John Thavis finds himself at a rare moment in history. A journalist and author who has written about the Vatican for nearly 30 years, Thavis arrived in Rome just hours before Pope Benedict’s unexpected resignation.

“I’m just amazed,” the Minnesota native said during a phone interview this week from Rome, where he served as bureau chief for the U.S.-based Catholic News Service before retiring nearly a year ago. He returned to Rome to promote his new book, “The Vatican Diaries.”

“When I walked into the press office, all my old colleagues looked at me and said, ‘You knew.’ But I didn’t really.”

Since Benedict’s announcement that he will step down Feb. 28, Thavis, 62, has emerged as a key Vatican expert. His book, a behind-the-scenes account of the personalities and politics of Vatican life, went on sale Thursday and is getting an unexpected boost from the pope’s news.

“My publisher is very happy about the timing,” Thavis dryly quipped.

While Thavis said he was shocked by Benedict’s announcement, he had seen indications that the 85-year-old pontiff might be stepping back.

“He did not have too many big events on his calendar. Practically none for 2013. And he had just named six new cardinals, which seemed to me he was topping off the College of Cardinals before a conclave [meeting of cardinals to choose a new pope].”

“So in a sense I was thinking this would be a good time for me to come [to Rome]. If he did resign, I would at least be here. And that’s the way it worked out.”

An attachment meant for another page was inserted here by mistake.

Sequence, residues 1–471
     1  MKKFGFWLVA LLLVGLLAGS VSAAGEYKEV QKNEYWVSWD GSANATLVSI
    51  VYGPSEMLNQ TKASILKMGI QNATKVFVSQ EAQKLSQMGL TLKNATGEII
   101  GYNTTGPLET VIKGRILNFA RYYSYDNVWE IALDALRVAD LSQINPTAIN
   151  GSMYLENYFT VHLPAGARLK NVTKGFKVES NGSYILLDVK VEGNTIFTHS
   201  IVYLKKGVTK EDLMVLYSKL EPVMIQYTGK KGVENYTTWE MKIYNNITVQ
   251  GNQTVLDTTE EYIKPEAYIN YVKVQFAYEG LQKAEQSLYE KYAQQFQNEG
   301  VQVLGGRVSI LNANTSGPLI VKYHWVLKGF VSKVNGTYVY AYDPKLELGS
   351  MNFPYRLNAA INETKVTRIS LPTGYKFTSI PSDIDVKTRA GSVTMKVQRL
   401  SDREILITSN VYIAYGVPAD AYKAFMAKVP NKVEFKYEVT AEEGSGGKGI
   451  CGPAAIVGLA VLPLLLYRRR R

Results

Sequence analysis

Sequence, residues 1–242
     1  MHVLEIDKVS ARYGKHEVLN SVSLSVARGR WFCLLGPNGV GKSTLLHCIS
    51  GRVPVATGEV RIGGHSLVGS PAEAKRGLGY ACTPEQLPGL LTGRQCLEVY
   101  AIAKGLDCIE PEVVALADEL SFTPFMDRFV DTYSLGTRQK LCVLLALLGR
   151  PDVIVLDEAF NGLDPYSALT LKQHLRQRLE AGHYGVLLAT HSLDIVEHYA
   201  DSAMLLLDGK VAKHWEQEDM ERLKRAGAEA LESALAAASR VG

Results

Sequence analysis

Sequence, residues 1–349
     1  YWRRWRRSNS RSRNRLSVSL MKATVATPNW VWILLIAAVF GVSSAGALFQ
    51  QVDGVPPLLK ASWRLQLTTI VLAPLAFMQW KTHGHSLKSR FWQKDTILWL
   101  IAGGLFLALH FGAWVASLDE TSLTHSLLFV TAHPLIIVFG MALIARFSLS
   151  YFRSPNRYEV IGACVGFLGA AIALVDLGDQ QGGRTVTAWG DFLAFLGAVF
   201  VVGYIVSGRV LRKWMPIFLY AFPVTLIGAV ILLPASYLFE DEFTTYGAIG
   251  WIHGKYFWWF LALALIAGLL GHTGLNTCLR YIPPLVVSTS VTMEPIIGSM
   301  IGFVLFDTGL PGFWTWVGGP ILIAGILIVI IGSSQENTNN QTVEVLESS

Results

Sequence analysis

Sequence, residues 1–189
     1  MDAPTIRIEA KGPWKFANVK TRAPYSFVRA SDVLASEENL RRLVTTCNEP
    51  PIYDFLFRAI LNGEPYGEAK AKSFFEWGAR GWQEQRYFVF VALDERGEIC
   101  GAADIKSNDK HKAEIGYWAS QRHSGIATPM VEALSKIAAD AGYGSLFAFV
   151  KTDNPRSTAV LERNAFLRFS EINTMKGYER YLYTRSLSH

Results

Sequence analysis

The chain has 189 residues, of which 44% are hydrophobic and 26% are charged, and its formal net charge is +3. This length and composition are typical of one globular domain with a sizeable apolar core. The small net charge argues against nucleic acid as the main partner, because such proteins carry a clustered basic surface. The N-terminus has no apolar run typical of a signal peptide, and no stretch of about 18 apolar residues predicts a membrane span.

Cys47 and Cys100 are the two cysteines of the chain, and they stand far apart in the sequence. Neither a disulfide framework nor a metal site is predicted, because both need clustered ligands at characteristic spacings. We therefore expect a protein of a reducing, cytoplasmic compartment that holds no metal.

Born in Mankato, Thavis attended Catholic schools growing up and graduated from St. John’s University in 1973. With a background in classical languages, he traveled to Italy four years later and worked as a writer and editor at the Rome Daily American before returning in 1979 to Minnesota. There he worked at the Mankato Free Press until 1982, when he and his wife, Lauren, decided to move to Rome.

During his nearly three decades with the Catholic News Service, Thavis traveled with Pope John Paul II and Benedict to more than 60 countries. In his book, Thavis said he sought to shed light on the inner workings of the Vatican, which mystifies many people.

“I was convinced the way the Vatican seemed to outsiders and the news media is a caricature of the place ... and that many of the most interesting things I witnessed were things I had never written about because they don’t fit into news stories.

“The perception is it’s a very hierarchical structure and very controlled environment where everything happens according to script. And you don’t have to be here too long before you realize that’s absolutely not true.

“In actual fact, it is often kind of minor characters, the bit players, who end up having a huge impact on events, not necessarily the top cardinals.”

Thavis says he plans to stay in Rome until the new pope is chosen. Then he has speaking engagements in Minnesota in April and May. In June, he and his wife plan to move to St. Paul, where Thavis wants to continue writing.

As for the next pope, Thavis says he can’t predict who it will be, though it’s likely to be someone who shares Benedict’s conservative leanings and vision for the church.

“I do think the choice of the pope will have an impact on people and how they view the Catholic Church,” Thavis said. “The pope is a very visible figure, all around the world.”